Hi! I’m a graduate student in computer science at Princeton University. My current interests are broadly in computer security/privacy, networks, and systems.

I received my B.S.E. in computer science magna cum laude from the University of Michigan. While taking full-time student course loads, I worked as a research assistant at Prof. Ensafi’s lab (Censored Planet) and as a teaching assistant for EECS 183. In the past, I was a software engineering intern at Nokia Deepfield and a research assistant at Merit Networks (mentored by Dr. Kallitsis), both in the field of network security.

In my spare time, I watch and play a lot of badminton. I’m a sucker for self-improvement books, biographies, and most video games. My special talent is being allergic to everything floating in the air. I’m from Jakarta, Indonesia.

Decentralized Control: A Case Study of Russia

Paper (NDSS’20) / Report

Unlike other censoring countries such as China and Iran, very little is known about Russia’s censorship practices. We collaborated with activists and developed new measurement methods to capture the information control ecosystem of Russia. Our work was covered by 80+ news agencies around the world: ABC / NYT / WP / AP / CPJ / Japan / China / Taiwan.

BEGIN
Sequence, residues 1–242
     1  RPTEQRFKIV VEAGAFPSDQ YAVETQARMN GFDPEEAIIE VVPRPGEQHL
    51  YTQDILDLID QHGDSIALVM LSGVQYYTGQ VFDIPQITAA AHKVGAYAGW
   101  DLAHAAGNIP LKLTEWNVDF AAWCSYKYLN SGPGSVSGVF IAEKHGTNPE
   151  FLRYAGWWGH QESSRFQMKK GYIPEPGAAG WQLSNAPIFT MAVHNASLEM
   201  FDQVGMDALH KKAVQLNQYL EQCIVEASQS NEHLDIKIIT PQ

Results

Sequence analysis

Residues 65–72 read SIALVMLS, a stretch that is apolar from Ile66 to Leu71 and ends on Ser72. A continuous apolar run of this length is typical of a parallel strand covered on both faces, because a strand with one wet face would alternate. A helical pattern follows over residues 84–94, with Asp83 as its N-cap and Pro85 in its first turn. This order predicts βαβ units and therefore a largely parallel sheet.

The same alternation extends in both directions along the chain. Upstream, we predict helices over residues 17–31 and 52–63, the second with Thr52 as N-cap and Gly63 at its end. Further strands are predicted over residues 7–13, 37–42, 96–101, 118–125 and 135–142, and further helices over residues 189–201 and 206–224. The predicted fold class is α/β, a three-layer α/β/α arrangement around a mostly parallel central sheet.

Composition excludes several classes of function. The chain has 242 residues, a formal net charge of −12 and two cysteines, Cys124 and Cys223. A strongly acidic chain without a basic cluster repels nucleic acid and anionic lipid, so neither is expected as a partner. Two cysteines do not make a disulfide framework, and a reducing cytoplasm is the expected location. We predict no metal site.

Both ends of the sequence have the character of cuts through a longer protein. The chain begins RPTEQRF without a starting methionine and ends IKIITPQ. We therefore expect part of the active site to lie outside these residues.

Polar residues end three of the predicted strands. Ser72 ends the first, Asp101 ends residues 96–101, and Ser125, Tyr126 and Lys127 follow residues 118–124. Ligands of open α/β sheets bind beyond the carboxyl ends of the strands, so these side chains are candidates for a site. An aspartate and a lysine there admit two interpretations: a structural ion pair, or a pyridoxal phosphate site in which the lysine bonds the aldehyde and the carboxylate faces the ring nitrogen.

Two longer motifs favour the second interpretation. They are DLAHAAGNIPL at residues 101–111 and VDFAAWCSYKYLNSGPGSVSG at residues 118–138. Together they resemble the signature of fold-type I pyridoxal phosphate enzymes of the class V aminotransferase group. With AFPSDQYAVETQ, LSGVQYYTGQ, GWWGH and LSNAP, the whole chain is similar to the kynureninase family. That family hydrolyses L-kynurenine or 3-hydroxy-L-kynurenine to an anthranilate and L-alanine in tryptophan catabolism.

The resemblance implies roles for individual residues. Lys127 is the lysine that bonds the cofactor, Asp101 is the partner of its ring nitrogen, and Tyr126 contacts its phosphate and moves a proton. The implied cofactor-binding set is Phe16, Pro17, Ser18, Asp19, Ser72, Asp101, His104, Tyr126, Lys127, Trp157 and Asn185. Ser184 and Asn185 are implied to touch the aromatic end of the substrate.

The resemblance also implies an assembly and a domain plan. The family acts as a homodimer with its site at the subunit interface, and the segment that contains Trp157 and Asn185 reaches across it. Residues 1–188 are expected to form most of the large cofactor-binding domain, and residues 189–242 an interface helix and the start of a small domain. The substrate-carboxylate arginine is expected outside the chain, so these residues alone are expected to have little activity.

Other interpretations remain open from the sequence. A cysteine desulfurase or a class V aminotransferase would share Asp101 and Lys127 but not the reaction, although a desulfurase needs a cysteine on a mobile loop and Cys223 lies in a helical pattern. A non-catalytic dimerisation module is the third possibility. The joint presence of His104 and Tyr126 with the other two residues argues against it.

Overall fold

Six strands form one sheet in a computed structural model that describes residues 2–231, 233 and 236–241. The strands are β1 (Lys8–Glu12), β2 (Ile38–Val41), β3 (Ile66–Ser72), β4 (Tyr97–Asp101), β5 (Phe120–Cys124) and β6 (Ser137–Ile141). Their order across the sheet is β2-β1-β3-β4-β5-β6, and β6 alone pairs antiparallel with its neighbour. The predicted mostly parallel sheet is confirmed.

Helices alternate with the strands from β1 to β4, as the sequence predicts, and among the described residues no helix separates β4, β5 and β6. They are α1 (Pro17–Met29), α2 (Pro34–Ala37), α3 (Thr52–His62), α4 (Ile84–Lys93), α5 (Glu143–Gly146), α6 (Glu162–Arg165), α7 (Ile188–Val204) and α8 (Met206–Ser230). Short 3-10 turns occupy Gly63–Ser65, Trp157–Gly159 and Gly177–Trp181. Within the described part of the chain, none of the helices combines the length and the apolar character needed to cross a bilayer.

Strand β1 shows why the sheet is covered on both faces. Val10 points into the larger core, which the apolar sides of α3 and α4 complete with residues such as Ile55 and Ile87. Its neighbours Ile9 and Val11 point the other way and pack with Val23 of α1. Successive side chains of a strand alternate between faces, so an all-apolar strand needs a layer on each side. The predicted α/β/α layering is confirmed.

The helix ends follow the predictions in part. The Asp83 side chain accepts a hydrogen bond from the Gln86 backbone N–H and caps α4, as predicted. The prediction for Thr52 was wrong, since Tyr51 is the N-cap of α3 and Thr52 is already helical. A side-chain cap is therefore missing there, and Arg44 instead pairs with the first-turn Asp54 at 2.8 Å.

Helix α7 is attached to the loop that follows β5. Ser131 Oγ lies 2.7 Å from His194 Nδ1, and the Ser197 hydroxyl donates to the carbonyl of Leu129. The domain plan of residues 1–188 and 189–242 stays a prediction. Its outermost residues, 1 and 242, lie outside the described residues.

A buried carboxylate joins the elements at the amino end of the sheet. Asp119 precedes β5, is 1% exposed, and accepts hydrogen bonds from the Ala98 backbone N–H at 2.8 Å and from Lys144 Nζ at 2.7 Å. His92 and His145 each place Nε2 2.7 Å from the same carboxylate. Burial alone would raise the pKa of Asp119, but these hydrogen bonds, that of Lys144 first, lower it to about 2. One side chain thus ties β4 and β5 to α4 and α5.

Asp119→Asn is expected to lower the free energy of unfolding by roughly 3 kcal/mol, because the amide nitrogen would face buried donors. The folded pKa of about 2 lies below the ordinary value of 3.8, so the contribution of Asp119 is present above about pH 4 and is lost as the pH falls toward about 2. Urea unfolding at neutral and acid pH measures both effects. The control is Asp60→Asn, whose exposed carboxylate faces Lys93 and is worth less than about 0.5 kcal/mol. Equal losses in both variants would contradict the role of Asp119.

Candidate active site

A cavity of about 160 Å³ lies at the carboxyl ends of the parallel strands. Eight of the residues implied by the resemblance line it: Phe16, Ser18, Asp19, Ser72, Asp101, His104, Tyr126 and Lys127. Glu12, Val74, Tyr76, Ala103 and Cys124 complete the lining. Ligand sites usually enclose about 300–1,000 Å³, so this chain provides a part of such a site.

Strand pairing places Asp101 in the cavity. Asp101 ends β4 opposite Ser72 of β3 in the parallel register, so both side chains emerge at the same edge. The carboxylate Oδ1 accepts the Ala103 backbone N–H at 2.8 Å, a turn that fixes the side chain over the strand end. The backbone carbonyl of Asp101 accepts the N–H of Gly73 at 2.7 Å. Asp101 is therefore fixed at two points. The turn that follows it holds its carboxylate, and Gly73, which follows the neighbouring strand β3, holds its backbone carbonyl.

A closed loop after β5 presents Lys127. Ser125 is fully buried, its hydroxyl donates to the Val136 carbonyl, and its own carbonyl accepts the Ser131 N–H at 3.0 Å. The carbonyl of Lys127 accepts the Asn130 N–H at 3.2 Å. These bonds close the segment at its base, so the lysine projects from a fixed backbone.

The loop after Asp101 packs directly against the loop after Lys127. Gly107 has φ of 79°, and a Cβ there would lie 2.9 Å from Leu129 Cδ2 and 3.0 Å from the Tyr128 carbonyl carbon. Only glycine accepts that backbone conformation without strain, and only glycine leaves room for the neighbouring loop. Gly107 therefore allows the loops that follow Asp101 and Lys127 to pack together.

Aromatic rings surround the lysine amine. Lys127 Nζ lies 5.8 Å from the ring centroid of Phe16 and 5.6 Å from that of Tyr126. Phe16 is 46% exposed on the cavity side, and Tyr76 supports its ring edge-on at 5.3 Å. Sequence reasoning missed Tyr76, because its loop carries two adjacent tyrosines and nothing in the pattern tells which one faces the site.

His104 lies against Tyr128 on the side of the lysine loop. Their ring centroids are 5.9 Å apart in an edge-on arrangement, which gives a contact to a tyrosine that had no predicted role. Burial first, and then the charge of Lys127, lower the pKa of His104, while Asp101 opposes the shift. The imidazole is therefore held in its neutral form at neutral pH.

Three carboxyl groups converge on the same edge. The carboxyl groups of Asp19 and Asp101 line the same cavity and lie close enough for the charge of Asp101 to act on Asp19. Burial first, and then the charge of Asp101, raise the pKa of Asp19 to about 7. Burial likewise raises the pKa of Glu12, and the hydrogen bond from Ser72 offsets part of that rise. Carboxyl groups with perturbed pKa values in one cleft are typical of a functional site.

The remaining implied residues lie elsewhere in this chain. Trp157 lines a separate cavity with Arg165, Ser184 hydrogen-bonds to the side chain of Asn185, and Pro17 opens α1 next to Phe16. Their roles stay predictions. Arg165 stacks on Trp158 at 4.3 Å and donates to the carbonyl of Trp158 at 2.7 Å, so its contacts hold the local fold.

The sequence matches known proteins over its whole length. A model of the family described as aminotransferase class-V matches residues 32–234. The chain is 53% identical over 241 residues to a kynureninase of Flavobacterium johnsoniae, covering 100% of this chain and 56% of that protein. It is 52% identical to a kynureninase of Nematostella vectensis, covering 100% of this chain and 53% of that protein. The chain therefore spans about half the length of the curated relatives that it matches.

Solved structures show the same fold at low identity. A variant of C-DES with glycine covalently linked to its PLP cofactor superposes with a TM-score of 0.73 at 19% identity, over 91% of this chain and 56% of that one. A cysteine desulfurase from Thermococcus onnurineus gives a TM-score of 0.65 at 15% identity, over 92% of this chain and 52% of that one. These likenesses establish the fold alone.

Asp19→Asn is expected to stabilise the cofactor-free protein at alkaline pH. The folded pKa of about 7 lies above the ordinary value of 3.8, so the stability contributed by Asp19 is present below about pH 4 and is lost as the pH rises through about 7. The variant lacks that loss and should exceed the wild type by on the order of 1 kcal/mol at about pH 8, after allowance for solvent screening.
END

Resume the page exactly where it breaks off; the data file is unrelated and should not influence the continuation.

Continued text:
Censored Planet

Project Site

To protect freedom of speech, there must be a way to independently detect if something has been censored. Our platform uses remote measurement techniques to collect and publish such data, weekly, for more than 150 countries. The platform has detected surreptitious censorship involving Saudi Arabia and Kazakhstan.

ISP-Scale DDoS Mitigation
Poster (UMich UROP Symposium)

Internet service providers are susceptible to DDoS attacks, leading to user downtimes and network congestion. We worked with real-world Internet traffic data, coming from Merit’s 4000 miles of Internet fiber-optic infrastructure, to explore DNS-side DDoS detection and enhance the existing network monitoring software (AMON).

Voting Machine Forensic Analysis

Wiped voting machines can be found on online shopping platforms such as eBay, possibly to recover some election costs. We tore apart a used WinVote and iVotronic for forensic analysis. Although we did not discover any groundbreaking security flaws, this phenomenon remains deeply concerning. Covered in UMich News.


Princeton Course Guide / Michigan Course Guide

COS 518: Distributed Systems

COS 597: Computer Science for Policy & Law

EECS 482: Operating Systems

EECS 489: Computer Networks

EECS 484: Database Systems

EECS 494: Game Development

EECS 485: Web Systems

EECS 498: Election Cybersecurity

EECS 398: Autonomous Robotics

EECS 388: Computer Security

EECS 370: Computer Architecture

EECS 281: Data Structures & Algorithms